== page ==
(Redes) Forouzan 4ed
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(Redes) Forouzan 4ed

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it has been
defined as a basis for reference purposes.
T Lines for Analog Transmission
T lines are digital lines designed for the transmission of digital data, audio, or video.
However, they also can be used for analog transmission (regular telephone connec-
tions), provided the analog signals are first sampled, then time-division multiplexed.
The possibility of using T lines as analog carriers opened up a new generation of
services for the telephone companies. Earlier, when an organization wanted 24 separate
telephone lines, it needed to run 24 twisted-pair cables from the company to the central
exchange. (Remember those old movies showing a busy executive with 10 telephones
lined up on his desk? Or the old office telephones with a big fat cable running from
them? Those cables contained a bundle of separate lines.) Today, that same organization
can combine the 24 lines into one T-l line and run only the T-l line to the exchange.
Figure 6.24 shows how 24 voice channels can be multiplexed onto one T-I line. (Refer
to Chapter 5 for PCM encoding.)
The T-1 Frame As noted above, DS-l requires 8 kbps of overhead. To understand how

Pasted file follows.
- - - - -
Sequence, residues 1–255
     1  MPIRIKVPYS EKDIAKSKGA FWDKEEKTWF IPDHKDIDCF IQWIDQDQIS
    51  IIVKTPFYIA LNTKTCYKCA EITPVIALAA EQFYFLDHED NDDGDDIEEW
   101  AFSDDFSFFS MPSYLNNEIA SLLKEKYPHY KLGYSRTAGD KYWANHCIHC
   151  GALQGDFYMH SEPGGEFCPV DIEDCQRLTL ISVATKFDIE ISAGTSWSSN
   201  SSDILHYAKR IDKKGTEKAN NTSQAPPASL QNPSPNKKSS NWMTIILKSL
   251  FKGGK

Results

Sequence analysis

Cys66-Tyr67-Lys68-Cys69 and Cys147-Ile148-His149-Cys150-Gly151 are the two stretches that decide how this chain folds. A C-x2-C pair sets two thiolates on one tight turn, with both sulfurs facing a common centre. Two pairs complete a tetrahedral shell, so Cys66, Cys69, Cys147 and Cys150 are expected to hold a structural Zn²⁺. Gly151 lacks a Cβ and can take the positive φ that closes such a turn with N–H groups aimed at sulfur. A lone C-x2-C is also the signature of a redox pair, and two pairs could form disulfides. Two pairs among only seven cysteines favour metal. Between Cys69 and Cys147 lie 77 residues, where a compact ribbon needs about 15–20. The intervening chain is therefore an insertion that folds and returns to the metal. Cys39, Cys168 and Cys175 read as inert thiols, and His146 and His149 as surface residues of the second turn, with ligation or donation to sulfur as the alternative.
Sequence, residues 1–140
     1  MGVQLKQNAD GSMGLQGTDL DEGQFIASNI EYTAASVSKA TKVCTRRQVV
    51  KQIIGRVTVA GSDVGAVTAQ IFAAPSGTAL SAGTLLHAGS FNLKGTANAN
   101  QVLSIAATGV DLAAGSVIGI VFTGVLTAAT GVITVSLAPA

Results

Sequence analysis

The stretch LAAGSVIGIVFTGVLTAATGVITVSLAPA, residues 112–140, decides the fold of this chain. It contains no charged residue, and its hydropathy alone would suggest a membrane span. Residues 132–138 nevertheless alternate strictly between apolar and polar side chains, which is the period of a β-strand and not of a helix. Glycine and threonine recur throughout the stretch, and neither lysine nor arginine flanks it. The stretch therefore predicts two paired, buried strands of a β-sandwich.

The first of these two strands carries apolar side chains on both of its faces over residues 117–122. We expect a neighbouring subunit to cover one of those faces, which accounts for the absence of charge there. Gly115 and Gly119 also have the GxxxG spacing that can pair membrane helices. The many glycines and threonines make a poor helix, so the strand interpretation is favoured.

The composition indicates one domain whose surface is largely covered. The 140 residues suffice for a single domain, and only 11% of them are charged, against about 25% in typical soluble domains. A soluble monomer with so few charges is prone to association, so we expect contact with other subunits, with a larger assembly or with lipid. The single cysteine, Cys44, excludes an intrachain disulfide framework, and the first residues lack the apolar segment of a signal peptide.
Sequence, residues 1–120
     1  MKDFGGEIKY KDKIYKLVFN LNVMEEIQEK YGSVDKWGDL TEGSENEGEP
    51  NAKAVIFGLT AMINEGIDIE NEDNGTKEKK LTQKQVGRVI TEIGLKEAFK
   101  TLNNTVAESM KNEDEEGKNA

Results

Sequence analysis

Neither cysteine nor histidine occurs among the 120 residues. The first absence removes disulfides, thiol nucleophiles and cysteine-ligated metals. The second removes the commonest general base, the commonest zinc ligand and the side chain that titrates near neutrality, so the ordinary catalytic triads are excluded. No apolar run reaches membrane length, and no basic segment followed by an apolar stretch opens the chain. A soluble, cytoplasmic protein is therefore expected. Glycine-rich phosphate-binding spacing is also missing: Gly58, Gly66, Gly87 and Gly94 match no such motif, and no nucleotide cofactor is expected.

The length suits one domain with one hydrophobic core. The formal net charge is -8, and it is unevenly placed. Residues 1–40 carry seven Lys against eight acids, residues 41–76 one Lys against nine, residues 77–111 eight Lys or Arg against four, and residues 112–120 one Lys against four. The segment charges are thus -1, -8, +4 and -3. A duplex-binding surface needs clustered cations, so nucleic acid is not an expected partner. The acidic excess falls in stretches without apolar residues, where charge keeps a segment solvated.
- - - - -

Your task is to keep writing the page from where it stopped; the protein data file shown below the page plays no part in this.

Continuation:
this overhead is calculated, we must examine the format of a 24-voice-channel frame.
The frame used on a T-l line is usually 193 bits divided into 24 slots of 8 bits each
plus 1 extra bit for synchronization (24 x 8 + 1 = 193); see Figure 6.25. In other words,
Figure 6.24 T-l line for multiplexing telephone lines
Sampling at 8000 sampJes/s
Llsing 8 bits per sample
T-I line 1.544 Mbps
24 x 64 kbps + 8 kbps overhead
Figure 6.25 T-l frame structure
1 frame= 193 bits
I Channel I·· ·1 Channel II Channel I24 2 I
1 bit 8 bits 8 bits 8 bits
Frame I Frame II Frame... ...
n 2 1
T- I: 8000 frames/s = 8000 x 193 bps = 1.544 Mbps
each slot contains one signal segment from each channel; 24 segments are interleaved
in one frame. If a T-l line carries 8000 frames, the data rate is 1.544 Mbps (193 x 8000 =
1.544 Mbps)-the capacity of the line.
E Lines
Europeans use a version ofT lines called E lines. The two systems are conceptually iden-
tical, but their capacities differ. Table 6.2 shows the E lines and their capacities.
Table 6.2 E line rates
Line Rate (Mbps) Voice Channels
E-1 2.048 30
E-2 8.448 120
E-3 34.368 480
E-4 139.264 1920
More Synchronous TDM Applications
Some second-generation cellular telephone companies use synchronous TDM. For